Mon Denmark Map

County: Storstroms amt.

DK-4780 Stege; tel. (03) 81 44 11.

The Danish island of Mon lies at the E end of Storstrommen, the channel between the islands of Zealand and Falster. The white chalk cliffs at the E end of the island are one of Denmark’s great tourist attractions; but Mon has far more to offer old churches, strikingly beautiful scenery and good bathing beaches. It is connected with Zealand by a bridge from Kalvehave, and can be reached from Falster by taking the ferry from Stubbekobing to the island of Bogo; from Bogo there is a causeway to Mon.

There are many prehistoric remains on Mon; especially interesting are a number of the Neolithic chambered tombs known as Huns’ graves. Popular legend associated these tombs with two giants the Green Huntsman, who ruled over western Mon, and the giant Upsal, king of the cliffs, to whom the E end of the island belonged. Upsal was long regarded as the protector of the island, since it was he who caused enemy ships to be shattered on the island’s rocky coast.

Tour of Mon. The bridge from Zealand crosses the Ulvsund to Mon. 2 km (1i miles) from the bridge, a side road goes off on the right and runs through beautiful scenery (a fine view of the sound from Borren) to the Neolithic tombs known as Kong Askers Hoj and the Klekkende Hoj (the best preserved passage grave, 9 m (30 ft) long and 1 25 m (4 ft) high). 11 km (7 miles) from the bridge, the main road comes to the chief town on the island, Stege (pop. 4000; Skydevaenget Hotel, 51 camp site). The town rose around a castle built by Valdemar I (c. 1175). In the 1 5th c. it was surrounded by walls and a moat; one of the three town gates, Molleporten, has been preserved the only surviving medieval town gate in Denmark besides one at FSborg. St Hans’ Church was built about 1250 and enlarged by the addition of a three-aisled choir about 1460; it has rich fresco decoration.

From Stege, the main road continues towards the E end of the island. A minor road leads N into the Ulvshale peninsula, the first large nature reserve established in Denmark (rare birds, unspoiled natural forest). This seldom-visited part of Mon has some of the island’s finest beaches.

The road E from Stege runs through Keldby, which has a church richly decorated with frescoes, the oldest of which, in the choir, date from the 1 3th c. On the walls are vividly imagined scenes from the Bible, and the vaulting has paintings by the Master of Elmelunde, whose work is frequently found in the churches of Mon. His primitive paintings, full of humour, contain many details taken from everyday life, such as the Nativity scene depicting Joseph making gruel for the newborn infant Jesus. S of Keldby is Keldbylille, with a museum.

The road continues to Elmelunde, 8 km (5 miles) from Stege. The church, a prominent landmark for sailors, is in the style typical of eastern Denmark and contains frescoes by the Master of Elmelunde (Childhood of Jesus, Last Judgment, Entry into Jerusalem, as well as ploughing and harvest scenes). 10 km (6 miles) farther on, the road reaches the main attraction ofthe trip, the chalk cliff known as Mons Klint, the highest point of which is 128 m (420 ft) above the sea. The brilliant white of the chalk standing out against the deep blue of the sea is particularly striking when the sun is shining. A toll is due on the last section of the road (HundsogSrd Hotel, 65 Store Klint summer hotel; camp site). There are footpaths along the cliffs (about 1 hour), and two steep flights of steps lead from Storeklint and Jydeleje to the sea. Fossils of marine animals and plants can be found on the shore. Along the top ofthe cliffs an expanse of open woodland (beeches) contains rare species of plants in the undergrowth. The best view is from Sommerspiret (102 m 335 ft); at Taleren one can hear a remarkable echo. There is an archaeological and geological museum in the car park.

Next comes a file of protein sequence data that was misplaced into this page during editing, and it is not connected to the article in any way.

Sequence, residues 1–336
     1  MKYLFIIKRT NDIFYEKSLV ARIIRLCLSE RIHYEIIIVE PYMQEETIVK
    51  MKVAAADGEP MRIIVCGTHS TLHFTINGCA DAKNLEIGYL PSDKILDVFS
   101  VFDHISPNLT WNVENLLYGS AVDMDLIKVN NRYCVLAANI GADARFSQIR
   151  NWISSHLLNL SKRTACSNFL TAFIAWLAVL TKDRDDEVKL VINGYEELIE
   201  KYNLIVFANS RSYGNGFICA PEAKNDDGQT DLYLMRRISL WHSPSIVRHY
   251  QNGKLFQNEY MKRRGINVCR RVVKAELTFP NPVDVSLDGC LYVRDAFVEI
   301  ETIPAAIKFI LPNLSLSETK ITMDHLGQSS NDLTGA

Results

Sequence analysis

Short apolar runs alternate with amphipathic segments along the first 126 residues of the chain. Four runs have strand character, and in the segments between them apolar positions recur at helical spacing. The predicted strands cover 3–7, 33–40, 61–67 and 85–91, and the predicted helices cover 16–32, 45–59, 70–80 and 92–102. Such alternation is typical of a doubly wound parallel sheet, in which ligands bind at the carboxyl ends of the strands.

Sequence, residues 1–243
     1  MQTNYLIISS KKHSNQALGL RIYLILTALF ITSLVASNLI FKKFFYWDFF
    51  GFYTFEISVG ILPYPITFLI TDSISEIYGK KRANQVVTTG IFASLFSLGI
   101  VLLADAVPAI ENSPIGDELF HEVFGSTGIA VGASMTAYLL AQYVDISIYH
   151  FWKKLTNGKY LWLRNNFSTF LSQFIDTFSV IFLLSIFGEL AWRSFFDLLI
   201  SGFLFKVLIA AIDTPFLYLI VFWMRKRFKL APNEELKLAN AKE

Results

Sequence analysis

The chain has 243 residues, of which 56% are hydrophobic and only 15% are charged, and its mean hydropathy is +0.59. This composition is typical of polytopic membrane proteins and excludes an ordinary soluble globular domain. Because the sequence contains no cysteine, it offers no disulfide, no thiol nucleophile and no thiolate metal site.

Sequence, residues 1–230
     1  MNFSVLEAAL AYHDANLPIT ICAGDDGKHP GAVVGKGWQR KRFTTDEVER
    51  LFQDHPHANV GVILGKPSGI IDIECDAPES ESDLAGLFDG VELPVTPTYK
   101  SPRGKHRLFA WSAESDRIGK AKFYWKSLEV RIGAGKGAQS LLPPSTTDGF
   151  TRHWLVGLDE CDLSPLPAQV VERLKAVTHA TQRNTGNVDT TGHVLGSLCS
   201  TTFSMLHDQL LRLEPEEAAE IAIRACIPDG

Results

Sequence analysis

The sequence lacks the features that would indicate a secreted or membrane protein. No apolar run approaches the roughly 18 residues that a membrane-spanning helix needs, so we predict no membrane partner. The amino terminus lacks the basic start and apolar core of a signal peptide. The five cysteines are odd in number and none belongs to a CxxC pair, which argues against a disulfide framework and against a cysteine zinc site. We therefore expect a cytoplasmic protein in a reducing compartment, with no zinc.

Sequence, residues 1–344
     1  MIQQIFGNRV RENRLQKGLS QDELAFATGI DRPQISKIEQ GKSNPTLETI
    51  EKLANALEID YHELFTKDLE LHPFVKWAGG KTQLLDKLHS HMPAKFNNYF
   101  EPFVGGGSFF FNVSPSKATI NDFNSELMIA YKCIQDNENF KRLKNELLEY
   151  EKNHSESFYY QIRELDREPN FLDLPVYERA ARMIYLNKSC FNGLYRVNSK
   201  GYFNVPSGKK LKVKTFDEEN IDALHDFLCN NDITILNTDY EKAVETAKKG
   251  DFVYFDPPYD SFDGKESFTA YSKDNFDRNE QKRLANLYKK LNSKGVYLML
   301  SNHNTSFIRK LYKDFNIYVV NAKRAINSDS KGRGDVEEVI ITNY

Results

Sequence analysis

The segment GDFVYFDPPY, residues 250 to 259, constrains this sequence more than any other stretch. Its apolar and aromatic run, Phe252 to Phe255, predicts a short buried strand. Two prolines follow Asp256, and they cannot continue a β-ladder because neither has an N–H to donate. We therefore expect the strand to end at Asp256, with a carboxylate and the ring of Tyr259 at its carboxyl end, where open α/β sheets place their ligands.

A short distance N of Mons Klint is the romantic little country house of Liselund, built about 1 795 by the governor of the island, Antoine de la Calmette, for his wife and named after her. In the course of his wide travels, he had acquired a taste for French architecture and the back to nature movement ofthe Romantic period; the house was therefore designed in the style of a simple peasant house. There are many other romantic features in the park, including artificial lakes and waterways, a Swiss cottage and a Chinese tea pavilion. Hans Christian Andersen wrote his story, The Tinder-Box while staying in the Swiss cottage. Other buildings in the park were destroyed in a landslip in 1 905.

The return journey from Mons Klint is via the same road as far as Stege. From there a detour of 7 km'(4i miles) S can be made to Ebelnaes, where there is another Stone Age passage grave.

At the S end of the island is the Gron Jaegers Hoj, the Hill of the Green Huntsman, another burial mound. Also here is Fanefjord, with a church containing the richest series of paintings (c. 1500) by the Master of Elmelunde. The paintings form a kind of Biblia pau-perum (Bible ofthe poor), but do not hold rigorously to the Biblical accounts; scenes from the Old and New Testaments mingle with non-scriptural and legendary scenes. There are also frescoes ofthe High Gothic period (c. 1350) on the choir arch (St Christopher, St Martin, knights and emblems ofthe Apostles).

Instead of returning to Zealand, it is possible to continue on the main road over a causeway on to the island of Bogo (pop. 925), once known as the island of mills; there is now only one survivor (Bogo Molle), a windmill of Dutch origin. From Nyby, there is a small ferry to Falster (1 2 minutes).

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